“How long was it after he left you that you heard the cry of fire?”

“Well, maybe the time o’ ten minutes.”

“Could the boy have got beyond the breaker?”

“He must ’a’, sir, he must ’a’; the grass was na growin’ under his feet goin’ doon the hill.”

“Do you think Tom Taylor fired that breaker?”


Sandy stared for a moment in blank amazement.

“Why, the guid Lord bless ye, mon! be ye daft? There ain’t a better boy i’ the roun’ warl’n Tom Taylor!” and Sandy broke into a hearty laugh at the very idea of Tom doing any thing wrong.

But Tom, who sat back in his seat and heard it all, was suddenly startled with the sense of a new danger. Suppose he should be charged with setting fire to the breaker? And suppose Rennie and Carolan should go upon the witness-stand and swear that they saw him running away from the newly kindled blaze, as, indeed, they might and not lie, either,—how could he prove his innocence? Yet he was about to swear Jack Rennie into freedom, knowing him to be guilty of the crime with which he was charged, and, what was still more despicable, he was about to do it for money.

Looked upon in this light, the thing that Tom had promised to do rose very black and ugly in his sight; and the poor delusion that he should tell no lie was swept, like a clinging cobweb, from his mind.


It was while his heart was still throbbing violently under the excitement of this last thought and fear, that he heard some one call,—

“Thomas Taylor!”

“Here, sir,” responded Tom.

“Take the witness-stand.”



Pale and trembling, Tom passed out into the aisle and down around the jury-box, and stepped upon the little railed platform.

In impressive tones, the clerk administered to him the oath, and he kissed the Holy Bible and swore to “tell the truth, the whole truth, and nothing but the truth.”

The whole truth!

The words echoed and re-echoed through his mind, as he looked down upon the lawyers and jurors, and across the bar into the hundreds of expectant faces turned toward him. For a moment he felt frightened and dizzy.

But only for a moment; fear gave place to astonishment, for Jack Rennie had started to his feet, with wild eyes and face[90] blanched with sudden dread, and, bending over till his great beard swept Pleadwell’s shoulder, he whispered, hoarsely, into the lawyer’s ear, in a tone audible throughout the room,—

“Ye did na tell me who the lad was! He mus’ na be sworn; it’s na lawfu’. I’ll no’ have it; I say I’ll no’ have it!”

In another moment Pleadwell had his hand on the man’s shoulder, and forced him into a seat. There was a whispered consultation of a few minutes between attorney and client, and then, while Rennie sat with his eyes turned steadfastly away from the witness, his huge hand clutching the edge of the table, and the expression of nervous dread still on his face, Pleadwell, calmly, as if there had been no interruption, proceeded with the examination.

He asked Tom about his residence and his occupation, and about how blind Bennie lost himself in the mines. With much skill, he carried the story forward to the time when Tom said good-night to Sandy, and started down the hill toward home.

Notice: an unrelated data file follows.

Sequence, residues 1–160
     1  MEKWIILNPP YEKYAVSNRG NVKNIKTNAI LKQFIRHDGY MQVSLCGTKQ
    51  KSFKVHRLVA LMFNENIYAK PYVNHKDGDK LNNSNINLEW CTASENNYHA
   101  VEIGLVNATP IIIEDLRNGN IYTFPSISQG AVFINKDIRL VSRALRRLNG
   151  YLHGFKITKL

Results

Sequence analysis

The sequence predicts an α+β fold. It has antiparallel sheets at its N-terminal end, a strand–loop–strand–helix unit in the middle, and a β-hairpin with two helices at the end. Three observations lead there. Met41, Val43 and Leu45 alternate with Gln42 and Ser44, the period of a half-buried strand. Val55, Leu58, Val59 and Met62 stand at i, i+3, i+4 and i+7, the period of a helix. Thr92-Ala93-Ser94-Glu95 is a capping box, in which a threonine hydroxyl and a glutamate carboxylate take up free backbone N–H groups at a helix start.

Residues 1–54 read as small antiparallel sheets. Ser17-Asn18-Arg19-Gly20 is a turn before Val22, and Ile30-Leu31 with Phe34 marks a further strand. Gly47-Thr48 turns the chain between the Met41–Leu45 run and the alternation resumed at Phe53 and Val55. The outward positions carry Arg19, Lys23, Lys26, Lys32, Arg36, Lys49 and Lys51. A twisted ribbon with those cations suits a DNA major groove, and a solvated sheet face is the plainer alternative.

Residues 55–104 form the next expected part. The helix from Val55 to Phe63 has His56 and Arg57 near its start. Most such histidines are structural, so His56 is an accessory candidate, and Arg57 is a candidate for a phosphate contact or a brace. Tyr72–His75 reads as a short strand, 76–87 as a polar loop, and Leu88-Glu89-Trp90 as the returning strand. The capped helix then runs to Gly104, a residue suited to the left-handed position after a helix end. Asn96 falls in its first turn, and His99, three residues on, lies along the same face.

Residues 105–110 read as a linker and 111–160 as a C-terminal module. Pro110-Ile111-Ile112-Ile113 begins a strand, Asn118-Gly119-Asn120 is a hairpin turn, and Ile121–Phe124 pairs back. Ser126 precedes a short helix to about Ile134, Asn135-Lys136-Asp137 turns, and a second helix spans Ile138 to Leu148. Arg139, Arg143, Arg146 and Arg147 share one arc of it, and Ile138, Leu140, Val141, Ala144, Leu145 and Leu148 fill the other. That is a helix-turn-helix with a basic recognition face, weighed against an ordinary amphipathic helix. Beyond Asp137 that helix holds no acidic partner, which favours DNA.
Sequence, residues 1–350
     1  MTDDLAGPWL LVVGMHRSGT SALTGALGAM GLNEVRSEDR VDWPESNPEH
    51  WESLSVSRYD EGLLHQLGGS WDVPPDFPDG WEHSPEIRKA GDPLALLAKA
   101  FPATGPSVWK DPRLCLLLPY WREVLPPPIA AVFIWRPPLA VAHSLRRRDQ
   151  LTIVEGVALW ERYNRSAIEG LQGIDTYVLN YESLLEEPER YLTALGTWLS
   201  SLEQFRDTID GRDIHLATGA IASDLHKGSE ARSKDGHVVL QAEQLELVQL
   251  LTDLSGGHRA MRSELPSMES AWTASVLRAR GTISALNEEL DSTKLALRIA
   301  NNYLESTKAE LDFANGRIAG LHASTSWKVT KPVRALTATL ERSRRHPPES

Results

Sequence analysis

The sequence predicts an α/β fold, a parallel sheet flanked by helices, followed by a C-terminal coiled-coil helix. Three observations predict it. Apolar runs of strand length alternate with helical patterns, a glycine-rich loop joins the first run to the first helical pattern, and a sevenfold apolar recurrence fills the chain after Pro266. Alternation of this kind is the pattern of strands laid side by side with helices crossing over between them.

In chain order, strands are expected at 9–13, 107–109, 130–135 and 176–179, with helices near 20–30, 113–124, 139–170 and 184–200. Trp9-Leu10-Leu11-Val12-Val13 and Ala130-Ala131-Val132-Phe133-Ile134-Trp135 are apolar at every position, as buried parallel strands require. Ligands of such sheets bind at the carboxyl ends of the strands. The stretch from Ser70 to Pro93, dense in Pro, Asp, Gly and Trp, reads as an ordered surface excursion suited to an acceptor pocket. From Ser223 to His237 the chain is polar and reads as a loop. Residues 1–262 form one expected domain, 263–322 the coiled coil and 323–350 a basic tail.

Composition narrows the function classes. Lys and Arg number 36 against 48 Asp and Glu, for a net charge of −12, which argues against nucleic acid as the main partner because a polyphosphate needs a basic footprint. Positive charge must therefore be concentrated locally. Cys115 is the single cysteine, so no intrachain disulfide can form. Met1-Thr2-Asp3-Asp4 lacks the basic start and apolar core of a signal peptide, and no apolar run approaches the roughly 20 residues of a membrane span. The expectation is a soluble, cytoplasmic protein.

“As you approached the breaker, did you see a man pass by you in the shadow?”

“I did,” replied Tom.

“About how far from you?”

“I don’t know; ten feet, maybe.”

“Where did he go?”

“Around the corner, by the engine-room.”

“From what point did he come?”

“From the loading-place.”

“How long after he left the loading-place was it that you saw the first blaze there?”

“Two or three minutes, maybe.”

“Did you see his face?”

“I did.”

“How did he look? Describe him.”

“He was short and thin, and had no whiskers.”

Pleadwell pointed to Rennie, and asked,—

“Was this the man?”

“No, sir,” answered Tom.

Pleadwell leaned back in his chair, and turned to the jury with a smile of triumph on his face. The people in the court-room nodded to each other, and whispered, “That clears Jack.”


Every one, but Jack Rennie himself, seemed to feel the force of Tom’s testimony. The prisoner still sat clutching the table, looking blankly at the wall, pale, almost trembling, with some suppressed emotion.

But through Tom’s mind kept echoing the solemn words of his oath: “The whole truth; the whole truth.” And he had not told it; his testimony was no better than a lie. An awful sense of guilt came pressing in upon him from above, from below, from every side. Hateful voices seemed sounding in his brain: “Perjurer in spirit! Receiver of bribes!”

The torture of his self-abhorrence, in that one moment of silence, was terrible beyond belief.

Then a sudden impulse seized him; a bright, brave, desperate impulse.

He stepped down from the witness-stand, passed swiftly between chairs and tables, tearing the money from his breast-pocket by the way, and flinging the hated hundred dollars down before the astonished Pleadwell, he returned as quickly as he came,[93] stepped into his place with swelling breast and flaming cheeks and flashing eyes, and exclaimed, falling, in his excitement, into the broad accent of his mother tongue,—

“Noo I’m free! Do what ye wull wi’ me! Prison me, kill me, but I’ll no’ hold back the truth longer for ony mon, nor a’ the money that ony mon can gi’ me!”